It can be an exciting time for a company when it’s about to embark on a new software project. That new tool might seem like the long-lost key to grabbing missed revenue opportunities, addressing productivity issues, or helping control costs. Regardless of the reason, this anticipation can motivate a team to get moving quickly. At Firefield, we are big fans of rapid iteration and agile methodologies. But we are also the first to warn that starting a company-changing technology project too fast can have dire consequences. More specifically, if a company hasn’t clearly defined its overall tech strategy first, their next software project is destined to fail.
What’s a Tech Strategy Anyway?
Simply put it’s a company’s plan for the relationship it wants with its technology. This post will focus on how this applies to software, but that could be only part of a bigger plan. Tech strategies can differ substantially from venture to venture, and rarely does one size fit all. For example, a brick-and-mortar company’s employees and customers may not be very comfortable with technology. In that case, one line in their tech strategy might read, “For our users, any software product must be dead simple to both understand and use.”
On the other hand, a tech startup might have different motivations. Their strategy might include, “Strive to create software that’s always ‘changing the game’. Our innovations should make it hard for others to compete with us.” While both these examples are ‘right’, they might be terribly wrong if applied to another company. In the end, a company’s tech strategy should articulate both their aspirational goals and practical constraints.
Why Does it Matter?
A tech strategy is crucial for software planning, development, and implementation because it serves as an ultimate point of reference. Every technical choice should tie directly back to it. Stakeholders should be constantly asking themselves, “Will this decision advance our overall technology goals?”. If the answer is “no”, then they should move on. But if the question can’t be answered at all, decision-makers will find it difficult to act.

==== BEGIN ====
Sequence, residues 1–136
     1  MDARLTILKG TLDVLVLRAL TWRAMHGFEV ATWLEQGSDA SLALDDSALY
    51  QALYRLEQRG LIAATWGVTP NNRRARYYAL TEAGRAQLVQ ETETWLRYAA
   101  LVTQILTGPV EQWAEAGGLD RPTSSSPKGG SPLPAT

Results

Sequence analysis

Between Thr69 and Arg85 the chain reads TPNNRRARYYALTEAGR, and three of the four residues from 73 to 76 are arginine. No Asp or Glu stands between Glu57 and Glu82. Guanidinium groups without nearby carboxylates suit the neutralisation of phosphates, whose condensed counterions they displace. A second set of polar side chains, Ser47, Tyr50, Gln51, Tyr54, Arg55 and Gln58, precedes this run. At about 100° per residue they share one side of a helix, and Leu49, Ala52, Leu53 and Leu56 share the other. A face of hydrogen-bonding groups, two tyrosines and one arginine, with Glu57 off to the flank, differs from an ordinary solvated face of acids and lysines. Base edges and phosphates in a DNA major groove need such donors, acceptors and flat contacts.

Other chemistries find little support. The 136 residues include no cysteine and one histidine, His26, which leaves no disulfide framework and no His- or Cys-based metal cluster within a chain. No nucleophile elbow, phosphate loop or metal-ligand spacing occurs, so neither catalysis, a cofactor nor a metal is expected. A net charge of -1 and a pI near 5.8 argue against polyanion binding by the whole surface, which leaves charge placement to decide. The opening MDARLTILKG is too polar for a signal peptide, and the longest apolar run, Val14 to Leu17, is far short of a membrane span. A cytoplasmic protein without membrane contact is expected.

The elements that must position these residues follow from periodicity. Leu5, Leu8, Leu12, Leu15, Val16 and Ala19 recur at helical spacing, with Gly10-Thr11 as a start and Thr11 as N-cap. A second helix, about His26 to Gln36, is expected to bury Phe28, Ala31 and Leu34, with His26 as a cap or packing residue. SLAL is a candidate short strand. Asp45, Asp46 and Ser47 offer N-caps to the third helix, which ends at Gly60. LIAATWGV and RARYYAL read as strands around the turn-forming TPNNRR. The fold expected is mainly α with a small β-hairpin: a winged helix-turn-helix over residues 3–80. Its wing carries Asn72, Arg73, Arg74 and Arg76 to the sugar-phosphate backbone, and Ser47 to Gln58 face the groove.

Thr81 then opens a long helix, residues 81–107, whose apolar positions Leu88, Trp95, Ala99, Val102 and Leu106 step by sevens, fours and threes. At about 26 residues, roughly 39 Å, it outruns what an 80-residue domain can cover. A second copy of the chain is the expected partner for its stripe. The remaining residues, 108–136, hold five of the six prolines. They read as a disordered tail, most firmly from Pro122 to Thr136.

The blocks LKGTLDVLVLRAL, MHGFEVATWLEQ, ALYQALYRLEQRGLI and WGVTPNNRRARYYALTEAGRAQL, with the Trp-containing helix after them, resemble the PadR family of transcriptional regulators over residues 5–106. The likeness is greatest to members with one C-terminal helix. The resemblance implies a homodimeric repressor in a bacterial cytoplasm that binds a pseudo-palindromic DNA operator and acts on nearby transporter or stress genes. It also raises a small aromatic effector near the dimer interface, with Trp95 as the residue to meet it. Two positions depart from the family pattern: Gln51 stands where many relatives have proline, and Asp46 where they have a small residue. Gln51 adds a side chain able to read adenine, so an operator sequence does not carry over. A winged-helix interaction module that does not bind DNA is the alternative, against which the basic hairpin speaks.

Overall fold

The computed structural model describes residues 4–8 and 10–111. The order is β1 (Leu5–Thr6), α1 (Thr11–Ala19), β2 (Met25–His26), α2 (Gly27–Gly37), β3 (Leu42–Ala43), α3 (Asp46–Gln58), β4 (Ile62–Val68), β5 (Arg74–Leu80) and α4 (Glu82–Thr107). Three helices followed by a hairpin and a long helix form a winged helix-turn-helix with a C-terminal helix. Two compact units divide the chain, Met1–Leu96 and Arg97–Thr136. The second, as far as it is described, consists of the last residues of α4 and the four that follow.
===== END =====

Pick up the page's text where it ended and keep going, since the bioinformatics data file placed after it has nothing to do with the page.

More specifically, the lack of a clear technical strategy can result in one or more of the following 3 major impacts:
1) Everything Gets Slower
Analysis paralysis is a common symptom of a missing strategy. When a team has no signpost for guidance, it’s nearly impossible to choose a direction. The speed of decision making grinds to a crawl and sometimes stops completely.
2) Feedback Becomes Overwhelming
When a software product starts getting real world usage, feedback is inevitable. In some cases, it can be overwhelming. Prioritizing what should and should not be addressed (and in what order) is critical. Without an overarching plan, a team has no way of consistently addressing users’ requests.
3) You Risk Doing Less With More
Intuitive and streamlined software benefits everyone who uses it. However, building such a successful and uncluttered product is difficult. Without keeping a product’s goals top of mind, it’s likely that adding more functionality to the tool could quickly make it less useful.
In a future post I’ll dive deeper into a tutorial on how to develop a tech strategy. But for now remember that in order to be successful, your next software project should be built to address a cohesive technology goal, and not a wish list of features and functions.